Big Ten Conference wants best match-ups to be played earlier in order to give teams a fail-safe if positive tests for COVID-19 force postponements to later in the season.
Columbus – COVID-19 has been stingy like a defense with its back against the goal line in the red zone in throwing off the lives of football players everywhere.
Now, Ohio State will have one of the biggest reality checks of them all with the Big Ten moving the Michigan game, which has been played the third week of November since 1934, to October 24 at Ohio Stadium.
The final game of the nine-game regular season will be against Iowa on November 21 in Columbus.
The conference announced its schedule Wednesday morning. Playing the Wolverines three weeks earlier didn’t catch the Buckeyes by surprise.
The Big Ten cancelled all non-conference games on July 9. That day, the conference and Ohio State athletic director Gene Smith said great change with the schedule was a definite possibility. The Buckeyes lost non-conference dates with Oregon, Bowling Green and Buffalo. The latter two were home games.
“What we wanted to do was make sure that we created a schedule that was fair, that was equitable, that was methodical and provided us with the opportunity to have so much flexibility,” Big Ten commissioner Kevin Warren said. “So if something happened where if a team wasn’t able to play during a week that we could move those games to later in the season. Flexibility is so critically important.”
Ohio State will have bye weeks on October 3 – Indiana will be the only other conference team off that Saturday – and November 14. All teams will be off the latter Saturday as a fail-safe against coronavirus outbreaks that could force postponements.
Smith has expressed grave reservations whether any games will be played.
“This is not a final decision that there will be an athletics season,” he said in a statement. “It is the next phase in our responsible planning process with the Big Ten Conference to be prepared if we are able to have an athletics season. The final decision will be made in the coming weeks in consultation with local, state and federal authorities.”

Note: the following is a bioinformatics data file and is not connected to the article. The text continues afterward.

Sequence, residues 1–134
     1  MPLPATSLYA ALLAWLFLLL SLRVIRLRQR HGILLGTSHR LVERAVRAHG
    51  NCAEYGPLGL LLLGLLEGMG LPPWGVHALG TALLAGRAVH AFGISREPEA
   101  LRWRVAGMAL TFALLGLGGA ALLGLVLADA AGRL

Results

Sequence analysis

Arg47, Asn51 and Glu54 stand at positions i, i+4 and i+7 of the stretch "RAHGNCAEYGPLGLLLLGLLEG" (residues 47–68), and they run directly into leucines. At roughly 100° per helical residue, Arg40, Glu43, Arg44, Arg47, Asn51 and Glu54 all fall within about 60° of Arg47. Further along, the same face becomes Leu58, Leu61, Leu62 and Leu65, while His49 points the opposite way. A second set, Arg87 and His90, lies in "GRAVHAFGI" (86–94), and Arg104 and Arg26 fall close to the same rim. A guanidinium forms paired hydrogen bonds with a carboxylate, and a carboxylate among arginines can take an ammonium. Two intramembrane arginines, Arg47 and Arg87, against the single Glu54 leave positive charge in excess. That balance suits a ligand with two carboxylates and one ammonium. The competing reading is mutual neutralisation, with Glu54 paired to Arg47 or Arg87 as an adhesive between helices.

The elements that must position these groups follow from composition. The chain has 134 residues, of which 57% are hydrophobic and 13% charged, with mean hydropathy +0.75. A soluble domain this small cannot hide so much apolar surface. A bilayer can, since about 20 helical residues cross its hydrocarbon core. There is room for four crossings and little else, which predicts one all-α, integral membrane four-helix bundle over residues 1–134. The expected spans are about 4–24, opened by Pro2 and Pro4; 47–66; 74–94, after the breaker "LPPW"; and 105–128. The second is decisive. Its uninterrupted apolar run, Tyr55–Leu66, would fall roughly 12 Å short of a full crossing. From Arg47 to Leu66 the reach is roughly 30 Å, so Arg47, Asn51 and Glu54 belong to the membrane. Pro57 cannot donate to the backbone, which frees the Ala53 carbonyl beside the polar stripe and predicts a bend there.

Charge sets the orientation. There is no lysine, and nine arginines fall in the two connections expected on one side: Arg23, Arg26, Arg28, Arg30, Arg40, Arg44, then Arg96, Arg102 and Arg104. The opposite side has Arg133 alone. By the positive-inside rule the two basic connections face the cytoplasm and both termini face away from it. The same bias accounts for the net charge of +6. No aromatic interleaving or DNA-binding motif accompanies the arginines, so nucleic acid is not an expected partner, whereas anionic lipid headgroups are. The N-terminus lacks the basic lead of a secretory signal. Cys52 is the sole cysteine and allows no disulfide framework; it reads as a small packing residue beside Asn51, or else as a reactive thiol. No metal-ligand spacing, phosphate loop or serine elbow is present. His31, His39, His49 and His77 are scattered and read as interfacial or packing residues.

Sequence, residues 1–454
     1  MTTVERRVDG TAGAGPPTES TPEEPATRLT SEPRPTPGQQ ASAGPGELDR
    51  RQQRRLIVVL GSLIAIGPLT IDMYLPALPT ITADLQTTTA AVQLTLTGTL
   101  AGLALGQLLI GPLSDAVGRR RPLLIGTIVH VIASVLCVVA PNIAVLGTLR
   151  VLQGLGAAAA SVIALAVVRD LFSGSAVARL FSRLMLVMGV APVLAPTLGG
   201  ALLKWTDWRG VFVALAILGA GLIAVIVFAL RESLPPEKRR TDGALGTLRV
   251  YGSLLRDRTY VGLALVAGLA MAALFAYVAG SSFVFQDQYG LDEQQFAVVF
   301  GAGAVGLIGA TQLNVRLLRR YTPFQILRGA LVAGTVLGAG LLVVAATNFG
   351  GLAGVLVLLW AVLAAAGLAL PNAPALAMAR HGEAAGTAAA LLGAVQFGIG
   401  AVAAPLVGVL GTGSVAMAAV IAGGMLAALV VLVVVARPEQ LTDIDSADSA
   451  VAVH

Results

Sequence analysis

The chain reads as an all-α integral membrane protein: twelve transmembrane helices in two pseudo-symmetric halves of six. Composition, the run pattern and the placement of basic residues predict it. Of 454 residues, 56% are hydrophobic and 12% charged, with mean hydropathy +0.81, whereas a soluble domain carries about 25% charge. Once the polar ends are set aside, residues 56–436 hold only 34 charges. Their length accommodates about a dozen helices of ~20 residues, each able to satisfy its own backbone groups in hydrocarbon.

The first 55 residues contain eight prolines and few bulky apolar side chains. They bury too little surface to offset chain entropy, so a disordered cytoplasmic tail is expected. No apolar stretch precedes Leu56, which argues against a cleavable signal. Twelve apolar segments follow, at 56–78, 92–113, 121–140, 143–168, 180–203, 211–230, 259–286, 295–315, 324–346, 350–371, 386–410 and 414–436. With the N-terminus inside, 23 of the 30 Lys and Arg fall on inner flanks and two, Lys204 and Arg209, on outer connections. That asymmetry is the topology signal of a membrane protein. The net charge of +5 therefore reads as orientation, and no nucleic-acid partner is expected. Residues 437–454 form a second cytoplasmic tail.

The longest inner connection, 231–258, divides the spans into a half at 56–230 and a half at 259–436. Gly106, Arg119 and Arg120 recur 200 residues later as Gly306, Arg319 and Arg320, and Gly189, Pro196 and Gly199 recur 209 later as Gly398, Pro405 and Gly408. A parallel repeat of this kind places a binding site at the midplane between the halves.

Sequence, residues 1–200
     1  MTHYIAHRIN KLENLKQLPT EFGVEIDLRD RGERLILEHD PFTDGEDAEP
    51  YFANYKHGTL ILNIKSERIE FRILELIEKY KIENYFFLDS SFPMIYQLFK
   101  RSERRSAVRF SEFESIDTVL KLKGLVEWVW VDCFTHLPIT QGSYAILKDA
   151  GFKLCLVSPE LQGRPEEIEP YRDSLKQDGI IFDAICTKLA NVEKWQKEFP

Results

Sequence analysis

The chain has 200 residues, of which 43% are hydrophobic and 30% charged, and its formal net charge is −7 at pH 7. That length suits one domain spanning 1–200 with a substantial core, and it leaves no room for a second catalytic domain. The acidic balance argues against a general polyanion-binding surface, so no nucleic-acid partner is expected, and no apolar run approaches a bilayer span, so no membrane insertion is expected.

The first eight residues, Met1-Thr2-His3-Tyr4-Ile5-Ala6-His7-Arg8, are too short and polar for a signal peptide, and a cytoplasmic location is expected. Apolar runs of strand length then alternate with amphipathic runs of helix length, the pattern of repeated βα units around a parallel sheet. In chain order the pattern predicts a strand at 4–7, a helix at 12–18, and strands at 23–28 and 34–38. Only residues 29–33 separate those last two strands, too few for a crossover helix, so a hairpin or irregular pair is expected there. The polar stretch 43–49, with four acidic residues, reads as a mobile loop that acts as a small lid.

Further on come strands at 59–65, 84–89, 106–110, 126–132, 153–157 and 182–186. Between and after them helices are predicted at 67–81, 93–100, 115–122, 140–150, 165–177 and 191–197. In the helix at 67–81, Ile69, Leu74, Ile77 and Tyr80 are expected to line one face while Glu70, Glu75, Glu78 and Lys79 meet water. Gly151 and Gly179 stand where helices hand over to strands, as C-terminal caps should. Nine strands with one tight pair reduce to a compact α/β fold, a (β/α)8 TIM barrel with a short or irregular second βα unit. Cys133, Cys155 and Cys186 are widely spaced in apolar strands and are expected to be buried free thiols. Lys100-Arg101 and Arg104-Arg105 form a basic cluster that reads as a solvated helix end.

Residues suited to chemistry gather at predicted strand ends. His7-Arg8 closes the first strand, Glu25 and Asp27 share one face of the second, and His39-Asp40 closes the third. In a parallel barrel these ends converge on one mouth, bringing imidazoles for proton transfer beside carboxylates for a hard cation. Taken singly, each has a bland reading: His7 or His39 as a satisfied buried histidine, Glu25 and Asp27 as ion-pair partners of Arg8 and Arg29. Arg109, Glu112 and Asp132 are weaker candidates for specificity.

Warren stressed that the health of the athletes will come first.
“As I sit here today, I’m confident that we’ve done everything we possibly can up to this moment to feel comfortable to move to tomorrow,” Warren said. “This is a day-to-day situation. We’re gathering information. It epitomizes fluidity. So we feel good today, but this is something we’re working on throughout the day and night every single week.”
The first-year commissioner is experiencing the pandemic up close because a son plays football for Mississippi State.
Warren said he has asked himself many times if it would be safe for his son to play for a Big Ten team.
“As of today, the answer is yes,’’ he said. “I feel comfortable as we sit here today, but it’s a fluid situation. There is no guarantee that we will have fall sports or a football season.’’
Sept. 3 at Illinois – Sept 12 (Rutgers) – Sept 19 at Purdue – Sept 26 at Indiana – Oct 3 (Bye) – Oct 10 (Nebraska) – Oct 17 (Nebraska) – Oct 17 at Michigan State – Oct 24 (Michigan) – Oct 31 at Maryland – Nov 7 at Penn State – Nov 14 (Bye) – Nov 21 (Iowa) – Nov 28 (Bye) – Dec 5 Big Ten Championship Game
The conference also revealed twice weekly testing by a third-party laboratory for football players, coaches and additional staff members coming into regular contact with athletes.
Ohio State has been testing athletes twice weekly for some time.
One test will be performed within three days of that week’s game. Any positive tests must be shared with an opponent before and after kickoff.
For those testing positive or having been within 6 feet of someone for 15 minutes or longer, it’s mandatory to go into quarantine for 14 days.
Players and staffers arriving on campus will be tested and required to answer questions about their symptoms on paper before being allowed to participate in team activities.
The twice-a-week testing begins after that period, and that includes those already having the virus.
If an athlete tests positive, he may return to team activities only when he or she doesn’t display symptoms during their quarantines.
Anyone having symptoms during competition must report them to the medical staff and be isolated immediately. The information must be shared with the opponent, when it will be determined whether play can continue.